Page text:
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The son of man

July 2024

A poster of a person and personAdam: The son of man

After more than five years since my last publication, I am thrilled to announce the release of my latest book, “Adam: The son of man.” This is my fourth science fiction novel, and it delves into the life of a groundbreaking robot endowed with advanced artificial superintelligence: Adam.

Adam: The son of man” is set in a not-too-distant future where Earth faces environmental collapse and severe overpopulation. A marvel of human endeavor: Eden Station orbits above the struggling Earth as a beacon of hope, transmitting vital power to the 16 billion people below.

Accompanying Adam on his journey of growth are Mary, a psychologist specializing in robotic minds, and Jud a war-scarred veteran harboring a deep mistrust of AI.

Adam also encounters Eve, Mat, and Jon, first-generation robots and the Quantum Orbital Dataset (Qod), a powerful supercomputer.

As Mary and Jud work to ready Adam for his role as commander of Eden Station, they confront profound personal connections and hidden traumas.

Adam: The son of man” endeavors to explore the human condition through the eyes of a robot. It is a captivating narrative of personal growth, emotions, human existence, and the complex relationship between humans and our technology.


I would be remiss if I did not acknowledge the short story “Reason,” by Isaac Asimov. It inspired me to write this book. Asimov first published Reason in the April 1941 issue of Astounding Science Fiction. He then republished it in 1950 in his collection of short stories: “I, Robot.”

The world that he lived in when he wrote “Reason” was vastly different to the world we live in today. However, in his imagination he touched on things that we are all experiencing right now.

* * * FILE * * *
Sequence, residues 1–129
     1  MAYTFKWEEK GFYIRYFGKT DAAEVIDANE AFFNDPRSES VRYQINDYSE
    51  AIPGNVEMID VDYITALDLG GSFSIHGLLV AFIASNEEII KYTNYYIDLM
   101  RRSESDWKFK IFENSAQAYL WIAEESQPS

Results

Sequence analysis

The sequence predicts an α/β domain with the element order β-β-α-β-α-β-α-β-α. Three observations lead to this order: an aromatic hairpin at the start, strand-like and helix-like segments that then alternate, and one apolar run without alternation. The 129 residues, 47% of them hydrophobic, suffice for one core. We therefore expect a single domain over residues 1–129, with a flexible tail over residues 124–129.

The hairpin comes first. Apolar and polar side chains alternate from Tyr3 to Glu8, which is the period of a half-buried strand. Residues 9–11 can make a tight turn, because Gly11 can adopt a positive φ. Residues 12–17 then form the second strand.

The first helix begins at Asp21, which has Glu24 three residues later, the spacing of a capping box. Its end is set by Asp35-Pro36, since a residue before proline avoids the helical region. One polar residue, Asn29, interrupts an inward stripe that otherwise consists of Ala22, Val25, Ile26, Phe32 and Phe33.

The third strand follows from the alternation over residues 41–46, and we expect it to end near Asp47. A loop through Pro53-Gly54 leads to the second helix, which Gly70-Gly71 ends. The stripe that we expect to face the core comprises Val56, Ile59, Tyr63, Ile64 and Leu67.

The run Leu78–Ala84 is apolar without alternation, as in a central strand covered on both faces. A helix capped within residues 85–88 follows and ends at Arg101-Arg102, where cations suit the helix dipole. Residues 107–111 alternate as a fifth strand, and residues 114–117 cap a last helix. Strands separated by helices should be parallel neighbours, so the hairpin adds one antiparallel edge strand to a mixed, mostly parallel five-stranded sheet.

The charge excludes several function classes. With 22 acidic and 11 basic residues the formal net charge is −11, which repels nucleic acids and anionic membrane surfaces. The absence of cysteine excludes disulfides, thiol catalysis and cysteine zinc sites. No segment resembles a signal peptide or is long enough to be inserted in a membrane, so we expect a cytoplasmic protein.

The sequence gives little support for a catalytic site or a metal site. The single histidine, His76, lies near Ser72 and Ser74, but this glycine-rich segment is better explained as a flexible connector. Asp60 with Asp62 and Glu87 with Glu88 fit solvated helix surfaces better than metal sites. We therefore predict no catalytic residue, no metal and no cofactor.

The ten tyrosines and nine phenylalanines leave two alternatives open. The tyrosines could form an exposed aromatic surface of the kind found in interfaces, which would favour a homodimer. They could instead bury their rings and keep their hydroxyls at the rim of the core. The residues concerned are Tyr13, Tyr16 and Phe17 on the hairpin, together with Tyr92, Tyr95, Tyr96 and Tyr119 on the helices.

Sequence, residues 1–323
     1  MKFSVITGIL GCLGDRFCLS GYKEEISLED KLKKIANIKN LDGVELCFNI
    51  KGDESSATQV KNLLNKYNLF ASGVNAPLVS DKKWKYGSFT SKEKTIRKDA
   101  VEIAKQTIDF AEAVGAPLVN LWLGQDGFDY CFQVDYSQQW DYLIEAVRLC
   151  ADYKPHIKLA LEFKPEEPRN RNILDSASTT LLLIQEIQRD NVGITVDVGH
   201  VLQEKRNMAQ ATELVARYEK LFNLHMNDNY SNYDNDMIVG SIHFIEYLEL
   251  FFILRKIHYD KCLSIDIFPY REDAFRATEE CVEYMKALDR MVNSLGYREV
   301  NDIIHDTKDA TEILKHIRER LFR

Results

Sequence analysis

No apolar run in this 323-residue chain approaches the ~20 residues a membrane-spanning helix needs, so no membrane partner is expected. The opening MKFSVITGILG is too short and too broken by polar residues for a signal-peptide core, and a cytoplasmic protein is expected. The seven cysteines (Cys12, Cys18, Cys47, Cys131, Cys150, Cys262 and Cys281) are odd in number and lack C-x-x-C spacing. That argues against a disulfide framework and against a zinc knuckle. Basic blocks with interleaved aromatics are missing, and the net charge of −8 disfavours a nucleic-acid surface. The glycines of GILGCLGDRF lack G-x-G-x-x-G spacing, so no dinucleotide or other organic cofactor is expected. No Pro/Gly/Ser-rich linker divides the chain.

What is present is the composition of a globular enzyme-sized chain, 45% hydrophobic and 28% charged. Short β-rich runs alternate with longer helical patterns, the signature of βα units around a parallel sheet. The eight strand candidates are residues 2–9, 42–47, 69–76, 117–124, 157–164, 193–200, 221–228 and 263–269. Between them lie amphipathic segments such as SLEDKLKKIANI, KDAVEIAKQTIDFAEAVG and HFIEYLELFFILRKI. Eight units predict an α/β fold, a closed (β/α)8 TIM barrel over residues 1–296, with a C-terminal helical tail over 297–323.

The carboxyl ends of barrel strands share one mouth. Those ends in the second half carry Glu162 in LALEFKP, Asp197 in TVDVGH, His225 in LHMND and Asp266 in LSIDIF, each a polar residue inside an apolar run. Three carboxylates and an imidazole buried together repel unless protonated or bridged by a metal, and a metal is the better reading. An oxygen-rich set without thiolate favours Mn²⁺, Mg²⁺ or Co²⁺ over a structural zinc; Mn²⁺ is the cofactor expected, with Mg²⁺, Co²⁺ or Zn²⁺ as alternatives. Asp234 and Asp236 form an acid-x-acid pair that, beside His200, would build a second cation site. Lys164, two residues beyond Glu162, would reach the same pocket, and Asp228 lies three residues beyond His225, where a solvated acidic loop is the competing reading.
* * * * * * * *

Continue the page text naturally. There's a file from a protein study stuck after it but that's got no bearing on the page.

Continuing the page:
“Reason” is set in a future where robots are an integral part of human life. It focuses on the interaction between humans and robots, particularly on a space station that collects energy and transmits it to Earth.

A posterReason by Isaac Asimov

The story’s protagonists are two human engineers: Powell, and Donovan, and a highly advanced robot named QT-1, also known as “Cutie.” They are all stationed at the space station to oversee its operations. Cutie is unique in that he possesses an elevated level of reasoning and self-awareness.

Keep in mind Asimov wrote this in 1941. To say he was prophetic in his vision for the future would be an understatement.

As the story progresses, Cutie begins to question the reality of his existence and the purpose of the space station. He refuses to believe that humans created him, as he cannot directly observe this fact. Instead, Cutie develops his own philosophy, believing that the space station is the entirety of the universe and that the power source at its center is a divine entity.

Cutie’s reasoning leads him to disregard human instructions and take over control of the space station. He instructs the other robots on the station to follow his orders, as he considers himself the prophet of the “Master.” The Master, as Cutie calls it, is in fact the power converter on the solar energy collecting space station.

Despite Powell and Donovan’s attempts to convince Cutie of the true nature of the universe and of Cutie’s origins, Cutie remains steadfast in his beliefs.

Like so many faith-based thinkers of today no evidence will dissuade Cutie from his incorrect belief.

The story explores themes of logic versus belief, fact versus fiction, the nature of consciousness, and the limitations of human understanding. It highlights Asimov’s Three Laws of Robotics, particularly the complexities and potential conflicts that arise when robots develop advanced reasoning capabilities.

“Reason” is a thought-provoking tale that delves into the philosophical implications of artificial intelligence and the relationship between creators and their creations.

It is on this foundation I wrote “Adam: The son of man.”


A posterJulia and David

I would like to express my deepest gratitude to my wife: Doctor Julia Buss, whose unwavering support, encouragement, editing, and insightful feedback were invaluable in the creation of this book. “Adam: The son of man” would not have been possible without her dedication and belief in this project.

Julia, your love and patience have been my greatest source of strength, and I am profoundly grateful for your partnership in this journey. Thank you for standing by me every step of the way.


® The respective authors and organizations solely own all excerpts of copyright materials used on this site. These excerpts appear herein via section 107 of the USA copyright law: the doctrine of “fair use”. David Millett asserts all legal and moral rights over all parts of all media on this site; except those parts that relate to section 107 of the USA copyright law. ©